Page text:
Home News Crime & Punishment Judge Decides Former Brookline Firefighter Gerald Alston’s Lawsuit Can Move Forward

Judge Decides Former Brookline Firefighter Gerald Alston’s Lawsuit Can Move Forward

Gerald Alston
Gerald Alston

In the latest installment of former Brookline firefighter Gerald Alston’s case against Brookline, a federal magistrate judge has decided that Alston can move forward with his lawsuit against the town and 10 individuals.

In 2013, Alston filed a case in federal court claiming a pattern of systematic racism and retaliation within the town. This came after Alston complained about a racial epithet left on his voicemail by a white supervisor in 2010, and later lost his job in 2016 following a lengthy internal investigation.

In his case, filed in U.S. District Court in Boston, Alston is suing the Select Board, town counsel and the Human Resources director, collectively as the town. He is also suing the individual board members, town counsel and the Human Resources director personally in the same case.

On Feb. 6 Magistrate Judge Page Kelley denied a motion to dismiss the case against the 10 individuals listed as defendants.

“Alston is a member of a racial minority and … he has adequately alleged that the Town defendants and each of the individual defendants engaged in racial discrimination, including harassment, retaliation, and termination, that adversely impacted his employment,” Kelley wrote in her report.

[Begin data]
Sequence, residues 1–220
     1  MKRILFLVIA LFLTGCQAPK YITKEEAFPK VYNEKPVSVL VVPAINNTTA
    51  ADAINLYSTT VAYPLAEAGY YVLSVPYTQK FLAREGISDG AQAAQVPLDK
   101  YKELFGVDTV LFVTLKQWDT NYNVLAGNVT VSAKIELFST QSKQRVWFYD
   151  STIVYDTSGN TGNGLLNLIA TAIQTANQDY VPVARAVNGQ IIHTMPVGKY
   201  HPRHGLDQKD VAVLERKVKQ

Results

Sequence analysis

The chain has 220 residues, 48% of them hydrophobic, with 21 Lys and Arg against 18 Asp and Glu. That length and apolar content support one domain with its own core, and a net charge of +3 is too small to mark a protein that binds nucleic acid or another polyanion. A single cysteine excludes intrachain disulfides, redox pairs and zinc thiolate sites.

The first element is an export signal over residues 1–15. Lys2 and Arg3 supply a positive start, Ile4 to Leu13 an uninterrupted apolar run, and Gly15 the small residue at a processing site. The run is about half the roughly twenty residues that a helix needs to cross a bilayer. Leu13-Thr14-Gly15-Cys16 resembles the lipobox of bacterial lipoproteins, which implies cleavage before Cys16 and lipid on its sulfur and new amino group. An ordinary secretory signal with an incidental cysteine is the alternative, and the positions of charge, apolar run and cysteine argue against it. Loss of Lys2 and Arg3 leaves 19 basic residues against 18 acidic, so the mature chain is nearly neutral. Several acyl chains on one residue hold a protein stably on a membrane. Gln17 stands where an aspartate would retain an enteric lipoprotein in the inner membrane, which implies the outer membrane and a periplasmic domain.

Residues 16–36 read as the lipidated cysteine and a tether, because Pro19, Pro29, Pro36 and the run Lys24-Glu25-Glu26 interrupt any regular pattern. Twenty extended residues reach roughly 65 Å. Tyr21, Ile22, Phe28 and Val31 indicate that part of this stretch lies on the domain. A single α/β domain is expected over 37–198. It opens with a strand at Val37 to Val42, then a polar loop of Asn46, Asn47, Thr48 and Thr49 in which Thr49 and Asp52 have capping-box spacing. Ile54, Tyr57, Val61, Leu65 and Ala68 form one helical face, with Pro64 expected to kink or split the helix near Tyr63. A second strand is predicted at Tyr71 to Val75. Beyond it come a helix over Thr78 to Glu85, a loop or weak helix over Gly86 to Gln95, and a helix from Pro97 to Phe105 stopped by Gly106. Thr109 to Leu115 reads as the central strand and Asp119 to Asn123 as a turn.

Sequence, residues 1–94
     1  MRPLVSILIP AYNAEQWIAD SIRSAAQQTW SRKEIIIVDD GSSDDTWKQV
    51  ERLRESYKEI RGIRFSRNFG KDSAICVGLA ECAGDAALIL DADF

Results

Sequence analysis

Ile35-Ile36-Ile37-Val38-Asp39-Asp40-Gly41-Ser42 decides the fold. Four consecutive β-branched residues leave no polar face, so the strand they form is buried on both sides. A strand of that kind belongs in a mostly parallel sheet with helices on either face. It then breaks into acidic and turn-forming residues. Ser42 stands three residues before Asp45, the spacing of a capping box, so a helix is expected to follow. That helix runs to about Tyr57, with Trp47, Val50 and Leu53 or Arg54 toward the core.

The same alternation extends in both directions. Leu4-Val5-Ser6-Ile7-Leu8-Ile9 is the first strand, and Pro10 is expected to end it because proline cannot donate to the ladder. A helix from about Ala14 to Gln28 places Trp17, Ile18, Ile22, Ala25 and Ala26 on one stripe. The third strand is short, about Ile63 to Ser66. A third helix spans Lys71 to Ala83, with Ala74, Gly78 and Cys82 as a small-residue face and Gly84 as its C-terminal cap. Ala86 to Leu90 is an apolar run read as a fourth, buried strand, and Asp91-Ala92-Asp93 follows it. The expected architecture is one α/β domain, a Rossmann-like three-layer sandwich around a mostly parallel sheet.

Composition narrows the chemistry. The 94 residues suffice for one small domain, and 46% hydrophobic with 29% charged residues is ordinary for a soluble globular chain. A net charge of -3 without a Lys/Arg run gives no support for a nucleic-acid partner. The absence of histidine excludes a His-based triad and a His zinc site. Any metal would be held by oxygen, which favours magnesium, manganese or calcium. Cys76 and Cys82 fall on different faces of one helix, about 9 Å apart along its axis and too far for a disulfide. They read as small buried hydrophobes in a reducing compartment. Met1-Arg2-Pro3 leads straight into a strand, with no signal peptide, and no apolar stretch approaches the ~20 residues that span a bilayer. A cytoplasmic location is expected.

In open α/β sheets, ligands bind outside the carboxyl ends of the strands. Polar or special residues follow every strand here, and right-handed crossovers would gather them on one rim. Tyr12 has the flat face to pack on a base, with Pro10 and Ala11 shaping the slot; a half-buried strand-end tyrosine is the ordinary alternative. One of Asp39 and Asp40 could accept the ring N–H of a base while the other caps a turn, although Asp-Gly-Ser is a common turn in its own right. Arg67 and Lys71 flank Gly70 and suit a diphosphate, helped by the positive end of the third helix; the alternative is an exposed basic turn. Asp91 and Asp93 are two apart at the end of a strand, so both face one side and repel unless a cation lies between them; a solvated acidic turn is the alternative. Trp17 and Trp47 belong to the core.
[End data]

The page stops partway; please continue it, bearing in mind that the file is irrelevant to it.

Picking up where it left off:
In separate decision also made on Feb. 6, Kelley dismissed the use of some claims of racism made in the case against the defendants. This means that while Alston can move forward with his case, some of the claims cannot be brought up in court as they do not directly relate to Alston’s case, Kelley wrote in her decisions.

Despite this, Alston is still able to use the examples of what happened with police officers Prentice Pilot and Estifanos Zerai-Misgun, who complained of racism within the police department and were fired in 2017.

“We’re pleased the judge denied the individuals’ defense’s motion to dismiss and did a lot of work in analyzing the claims,” said Alston’s attorney, Brooks Ames.

Both Alston and the defendants have 14 days from the time of the decision to file objections to the decision.

Town Counsel Joslin Murphy did not respond to requests for comment.

View Kelley’s full report here.